of life, given to Adam in the beginning, and which at death returns to God who gave it. Ecclesiastes 12:7.
As this is the “principle of life,” “universal life,” “impersonal,” and as this same life was given to all
created beings, man and beast alike (Genesis 7:21, 22), we are not here concerned with the question
whether this life is immortal or not, as immortality cannot be conceived of as apart from personality; and
any successful attempt to prove the spirit immortal would thereby prove beasts also to be immortal. The
breath of life came from God. It goes back to God. It is the impersonal, universal principle of life, the
breath of life. In the same sense that it came from God it goes back to Him. It need only be said in passing
that of the more than eight hundred times “spirit” is mentioned in the Bible as applied to man or beast, not

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once is it spoken of as immortal, or deathless, or never-dying, or anything of like import. This, of course, is
only what we would expect, and the Bible does not fail us.
We have now reduced the proposition to a consideration of the soul. The body is not immortal; the
spirit is not immortal. Is the soul? What does the Bible say of the immortal soul?
To many who have been accustomed to hear “the immortal soul” spoken of familiarly, it must
come as a shock to know that nowhere in the Bible is the soul spoken of as being “immortal,” “eternal,”
“undying,” or “deathless.” Though referred to 850 times, not once is immortality predicted of it. This
indeed is remarkable. It can hardly be considered as a mere happening. If the Bible is supposed to teach the
true doctrine, and if we are possessed of an immortal soul, this tremendous fact should not only be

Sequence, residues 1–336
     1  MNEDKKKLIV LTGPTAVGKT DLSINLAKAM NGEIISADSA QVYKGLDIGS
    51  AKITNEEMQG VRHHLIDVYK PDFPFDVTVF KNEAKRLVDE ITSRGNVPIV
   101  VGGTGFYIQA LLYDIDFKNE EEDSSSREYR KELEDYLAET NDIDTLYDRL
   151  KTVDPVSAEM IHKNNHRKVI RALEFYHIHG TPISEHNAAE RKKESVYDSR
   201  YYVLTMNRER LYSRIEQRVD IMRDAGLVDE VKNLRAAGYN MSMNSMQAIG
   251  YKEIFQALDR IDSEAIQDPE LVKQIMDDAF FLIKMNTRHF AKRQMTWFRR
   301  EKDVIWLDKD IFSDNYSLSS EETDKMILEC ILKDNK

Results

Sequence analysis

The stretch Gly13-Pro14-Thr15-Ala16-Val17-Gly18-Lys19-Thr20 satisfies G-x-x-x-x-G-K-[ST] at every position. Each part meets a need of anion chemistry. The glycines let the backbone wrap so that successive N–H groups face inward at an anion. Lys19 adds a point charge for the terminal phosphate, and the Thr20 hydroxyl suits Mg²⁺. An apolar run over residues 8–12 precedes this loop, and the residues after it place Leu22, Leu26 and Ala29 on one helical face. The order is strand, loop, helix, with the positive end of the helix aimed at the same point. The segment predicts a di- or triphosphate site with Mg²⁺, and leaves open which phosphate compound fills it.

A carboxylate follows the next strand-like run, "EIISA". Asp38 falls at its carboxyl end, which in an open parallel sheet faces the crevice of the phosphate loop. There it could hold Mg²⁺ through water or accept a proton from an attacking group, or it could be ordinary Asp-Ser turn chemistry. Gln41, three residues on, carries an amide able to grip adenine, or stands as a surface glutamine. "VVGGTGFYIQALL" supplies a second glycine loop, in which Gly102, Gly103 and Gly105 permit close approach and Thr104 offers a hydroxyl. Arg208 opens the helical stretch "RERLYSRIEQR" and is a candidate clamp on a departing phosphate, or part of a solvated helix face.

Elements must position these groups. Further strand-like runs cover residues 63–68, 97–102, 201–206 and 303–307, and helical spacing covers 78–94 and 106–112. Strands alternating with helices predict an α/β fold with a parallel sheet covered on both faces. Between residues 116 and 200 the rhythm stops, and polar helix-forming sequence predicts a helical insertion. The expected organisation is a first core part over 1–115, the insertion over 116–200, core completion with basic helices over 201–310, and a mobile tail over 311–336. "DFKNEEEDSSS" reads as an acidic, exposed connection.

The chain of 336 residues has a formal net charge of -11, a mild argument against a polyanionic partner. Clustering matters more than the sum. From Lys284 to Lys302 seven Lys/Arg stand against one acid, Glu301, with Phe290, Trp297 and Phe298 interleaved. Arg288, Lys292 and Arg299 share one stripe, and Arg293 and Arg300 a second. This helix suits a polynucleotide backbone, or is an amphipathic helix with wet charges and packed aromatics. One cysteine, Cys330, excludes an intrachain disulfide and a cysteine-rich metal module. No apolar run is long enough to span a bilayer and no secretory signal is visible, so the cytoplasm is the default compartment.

mentioned once, but scores and hundreds of times. It should be reiterated again and again, and the truth of it
pressed home. What shall we say, then, when there are 850 chances to do so, and not once is it done? Either
the Bible is criminally negligent in this important matter or else the belief in inherent immortality is not
Bible doctrine.
We would, first of all, therefore, impress upon the reader the significance of the fact that with
abundant opportunity to stress the doctrine of the immortality of the soul, the Bible fails even to mention it.
While this is negative proof, it is, nevertheless, very interesting and important.
But we would not build a doctrine on a negative proposition; hence we now inquire if the Bible
anywhere commits itself to any doctrine as to the nature of the soul. To illustrate: If the Bible nowhere
speaks of the soul as being immortal, does it, on the other hand, say that the soul is capable of dying, and
that it does die? If it says this, the case is complete. Stronger proof could not be asked.
The Bible says this very thing: “The soul that sins, it shall die.” Ezekiel 18:4, 20. This, of course,
would be impossible if the soul were immortal. But, as has already been shown, the Bible does not say that
the soul is immortal, but just the opposite. Hence the Bible is consistent with itself.
It must not be supposed that the texts we have quoted are all that deal with this phase of the
subject. The reader may at his convenience look up the subject in any good Bible concordance, and find
abundant evidence of the position here taken. Or he may, without any concordance, consult such texts as
Revelation 16:3; Psalm 33:19; Isaiah 10:18; Acts 3:23; James 5:20. “Dead body” in the following texts is
“dead soul” in the Hebrew: Numbers 6:6; 19:13; Leviticus 21:11; Haggai 2:13. The Hebrew in Numbers
23:10 is: “Let my soul die the death of the righteous.” The same is true of judges 16:30. Job 36:14 in the
original reads: “Their soul dies in youth.”
If the statement that God “only has immortality” (1 Timothy 6:16) is true; if man is “mortal” (Job